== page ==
There are only two occasions when the annual harbourside ceremony, which dates back to the 12th century, has not taken place – and the coronavirus lockdown was one of them.
However, yesterday at 9am, on the eve of Ascension Day, the ceremony of the Horngarth, or the Planting of the Penny Hedge, took place on the east bank of the River Esk and was overseen by the Bailiff of the Manor of Fyling Court Leet, who since 1999 has been Lol Hodgson.
Legend has it that the act is part of a penance served upon three hunters and on their descendants for all time, for murdering a hermit/monk on the outskirts of the town at Eskdale.
Mr Hodgson was joined by Tim Osborne, the chair of nearby Staintondale Hunt, who acts as the hornblower to signal the end of the ceremony. There was a good turn out, with people from as far away as Hastings who had travelled to Whitby especially to watch the ancient custom.
Mr Hodgson said: “It is hugely important that we keep these traditions on the go – it is vital. It was done before me and when I landed the job as the Bailiff of the Manor of Fyling, I landed this as well – it is as simple as that.”
Hazel is used every year for the hedge and cut from land within the Manor, where the hunt is said to have taken place, with nine stakes vertical and nine horizontal, plus four side posts.
However, it is always useful to bring a spare stake, added Mr Hodgson who also had his say on recent debates that suggest the story isn’t true.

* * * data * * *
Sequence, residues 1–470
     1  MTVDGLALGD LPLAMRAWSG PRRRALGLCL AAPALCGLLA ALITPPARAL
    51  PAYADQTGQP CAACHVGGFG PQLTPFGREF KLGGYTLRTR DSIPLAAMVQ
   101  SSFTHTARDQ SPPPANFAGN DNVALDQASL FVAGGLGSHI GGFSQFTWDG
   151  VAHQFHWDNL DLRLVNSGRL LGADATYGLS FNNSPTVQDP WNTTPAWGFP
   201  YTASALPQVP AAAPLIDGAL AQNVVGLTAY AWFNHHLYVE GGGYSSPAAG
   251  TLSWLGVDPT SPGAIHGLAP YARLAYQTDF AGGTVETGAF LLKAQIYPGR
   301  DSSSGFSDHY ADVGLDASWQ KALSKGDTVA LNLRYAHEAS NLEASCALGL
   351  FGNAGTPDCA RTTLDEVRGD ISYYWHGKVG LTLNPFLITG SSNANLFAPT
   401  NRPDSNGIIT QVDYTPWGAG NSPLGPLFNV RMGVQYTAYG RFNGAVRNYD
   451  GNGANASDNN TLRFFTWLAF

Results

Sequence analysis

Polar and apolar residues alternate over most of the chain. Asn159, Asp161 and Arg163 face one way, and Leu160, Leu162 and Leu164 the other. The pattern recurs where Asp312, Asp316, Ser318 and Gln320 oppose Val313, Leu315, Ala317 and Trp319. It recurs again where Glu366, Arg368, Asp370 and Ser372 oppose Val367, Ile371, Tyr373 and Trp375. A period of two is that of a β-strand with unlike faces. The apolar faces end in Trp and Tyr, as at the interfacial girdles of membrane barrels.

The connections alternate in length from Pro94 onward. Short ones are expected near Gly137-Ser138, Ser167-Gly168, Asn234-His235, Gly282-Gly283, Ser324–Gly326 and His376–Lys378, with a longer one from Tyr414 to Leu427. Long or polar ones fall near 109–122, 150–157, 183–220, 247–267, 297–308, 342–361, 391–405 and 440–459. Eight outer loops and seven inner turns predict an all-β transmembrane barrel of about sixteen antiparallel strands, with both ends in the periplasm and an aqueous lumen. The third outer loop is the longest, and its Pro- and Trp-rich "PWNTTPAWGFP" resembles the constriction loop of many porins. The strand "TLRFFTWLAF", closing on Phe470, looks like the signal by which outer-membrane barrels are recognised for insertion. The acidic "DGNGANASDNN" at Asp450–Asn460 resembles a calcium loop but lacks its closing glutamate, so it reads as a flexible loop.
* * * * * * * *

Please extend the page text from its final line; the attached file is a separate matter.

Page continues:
Mr Hodgson added: “We always have a spare, we learned the hard way to always bring a spare. Sometimes you get eight in and hit a stone with the ninth but there was no problem with that today but we snapped one.
“I can understand the talk about the folk ways and I am not saying that is not true but the country is built on legend and how can anybody argue? We have to have some light-hearted moments with life as it is at present.”
Whitby Community Choir rounded off the ceremony by singing The Famous Penny Hedge.
The origins of the Planting of the Penny Hedge goes back to 1159 and according to Lionel Charlton’s ‘History of Whitby Book II’ (1779) began with a series of events on October 16 that year but Ascension is chosen for the ceremony as a time of year when tides are low.
A group of men met to hunt and chased a wild boar to a hermitage where it died. The monk closed the door on the hunters but they killed him and he died shortly after. As he lay dying he forgave them the act should they carry out a penance which meant they had to take hazel stakes to the River Esk and build a hedge to resist the tide.
The penance was paid in the 1980s with the last family involved but Whitby Town Council asked the Manor of Fyling Court Leet to continue the tradition.